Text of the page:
The way politicians and media frame the issue of the Bush tax rates is at odds with one of the fundamental principles of the income tax system, and it unnecessarily warps public understanding of what’s on the table.
Can we clear something up?
The debate in Washington has been focused for months on income tax rates. But the way politicians and media frame the issue of the Bush tax rates is at odds with one of the fundamental principles of the income tax system, and it unnecessarily warps public understanding of what’s on the table.
Facing record deficits and growing debt, President Barack Obama has proposed letting the Bush tax cuts, enacted as a temporary measure in 2001, expire for income over $250,000, raising that rate from 35 percent to 39.6 percent, though he has indicated flexibility on the rate if new revenue can be found elsewhere.
The problem is in the way this decision is too often formulated. The shorthand used by politicians of both parties as well as in the press, says that “President Obama wants to raise taxes on families earning more than $250,000.”
Put that way, the idea is understandably disturbing to people who earn anywhere near $250,000. It offends their sense of fairness, raising complaints of class warfare. “But we’re not rich,” they say. Why should we pay at a higher rate than other people?” Worse, some threaten to keep their earnings under $250,000, so they won’t be taxed at a higher rate.
But tax rates don’t apply to families. They apply to income.
The system is built on “marginal tax rates.” Under the current schedule, that means everyone pays the same tax rate — 10 percent — on the first $17,400 of income (figures for married couples filing jointly). They pay 15 percent on taxable income between $17,401 and $70,700, and the brackets edge up from there to income over $388,351, which is taxed at 35 percent.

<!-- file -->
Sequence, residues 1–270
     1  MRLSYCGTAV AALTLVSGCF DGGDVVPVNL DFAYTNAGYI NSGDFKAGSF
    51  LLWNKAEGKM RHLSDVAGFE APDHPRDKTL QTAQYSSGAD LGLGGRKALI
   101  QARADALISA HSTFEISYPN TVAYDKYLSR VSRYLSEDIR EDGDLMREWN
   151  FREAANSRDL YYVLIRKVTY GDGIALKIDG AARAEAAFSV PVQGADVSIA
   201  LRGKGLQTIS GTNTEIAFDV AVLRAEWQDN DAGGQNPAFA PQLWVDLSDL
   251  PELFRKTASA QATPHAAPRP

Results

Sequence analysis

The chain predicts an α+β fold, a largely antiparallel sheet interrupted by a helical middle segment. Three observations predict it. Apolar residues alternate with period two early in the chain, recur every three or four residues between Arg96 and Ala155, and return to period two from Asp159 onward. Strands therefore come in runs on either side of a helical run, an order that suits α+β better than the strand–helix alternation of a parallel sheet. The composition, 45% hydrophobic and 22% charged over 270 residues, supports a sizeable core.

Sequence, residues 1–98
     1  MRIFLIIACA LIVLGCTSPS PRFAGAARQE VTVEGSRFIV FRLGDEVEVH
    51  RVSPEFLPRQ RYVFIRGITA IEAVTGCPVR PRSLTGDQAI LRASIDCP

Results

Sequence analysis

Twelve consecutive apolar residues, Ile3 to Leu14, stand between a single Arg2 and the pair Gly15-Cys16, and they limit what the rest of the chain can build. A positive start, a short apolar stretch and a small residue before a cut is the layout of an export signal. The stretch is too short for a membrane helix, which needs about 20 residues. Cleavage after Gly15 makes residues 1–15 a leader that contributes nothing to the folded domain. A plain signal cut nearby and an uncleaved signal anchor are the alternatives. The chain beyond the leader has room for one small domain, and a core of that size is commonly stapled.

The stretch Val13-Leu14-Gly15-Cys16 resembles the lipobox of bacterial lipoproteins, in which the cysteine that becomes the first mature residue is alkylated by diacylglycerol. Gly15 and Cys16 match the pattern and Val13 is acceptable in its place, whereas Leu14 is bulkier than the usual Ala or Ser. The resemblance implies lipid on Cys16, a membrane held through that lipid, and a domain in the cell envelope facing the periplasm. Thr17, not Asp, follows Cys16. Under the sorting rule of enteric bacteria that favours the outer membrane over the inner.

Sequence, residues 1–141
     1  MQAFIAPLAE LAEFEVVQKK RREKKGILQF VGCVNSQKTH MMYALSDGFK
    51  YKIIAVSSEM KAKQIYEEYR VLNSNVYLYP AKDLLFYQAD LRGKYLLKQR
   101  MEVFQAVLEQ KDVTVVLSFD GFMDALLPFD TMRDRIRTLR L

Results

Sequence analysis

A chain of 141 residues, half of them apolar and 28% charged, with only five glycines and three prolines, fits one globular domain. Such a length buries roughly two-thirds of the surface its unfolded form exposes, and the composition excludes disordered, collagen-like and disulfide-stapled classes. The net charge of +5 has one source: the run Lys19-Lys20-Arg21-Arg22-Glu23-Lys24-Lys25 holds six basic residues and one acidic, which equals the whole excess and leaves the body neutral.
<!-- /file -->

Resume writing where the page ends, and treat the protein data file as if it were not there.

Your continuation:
The point too few understand is that, under Obama’s plan, all taxable earnings under $250,000 — remember, that’s earnings after deductions, not gross pay — would still be taxed at the current Bush rates. It’s only the amount over $250,000 that would be taxed at a higher rate.
In other words, if your taxable income is $251,000, don’t worry that you’ll be punished for being rich. You’ll pay the same old tax rate on everything except the final $1,000.
The tax rate for the highest earners has been all over the map in the last half-century. It was 91 percent on income over $400,000 when John F. Kennedy was president, 70 percent on income over $200,000 during Lyndon Johnson’s second term, 50 percent on income over $106,000 when Ronald Reagan was president, and dropped to 28 percent on income over $32,000 under George H.W. Bush.
Under Bill Clinton, the top rate rose to 39.6 percent on income over $250,000, and under George W. Bush, it dropped to 35 percent on income over $379,000, which is about where it stands today.
Yes, it’s difficult to explain to people unfamiliar with marginal tax rates that different dollars of their income are taxed at different rates. Since these calculations are incorporated in the tax tables, it’s not something people really need to know. Filling out tax forms is complicated enough as it is.
But politicians and the press could make things a little less confusing if they would stop talking about raising taxes on households above $250,000 and instead talk about raising rates on income above $250,000.
MetroWest Daily News, Framingham, Mass.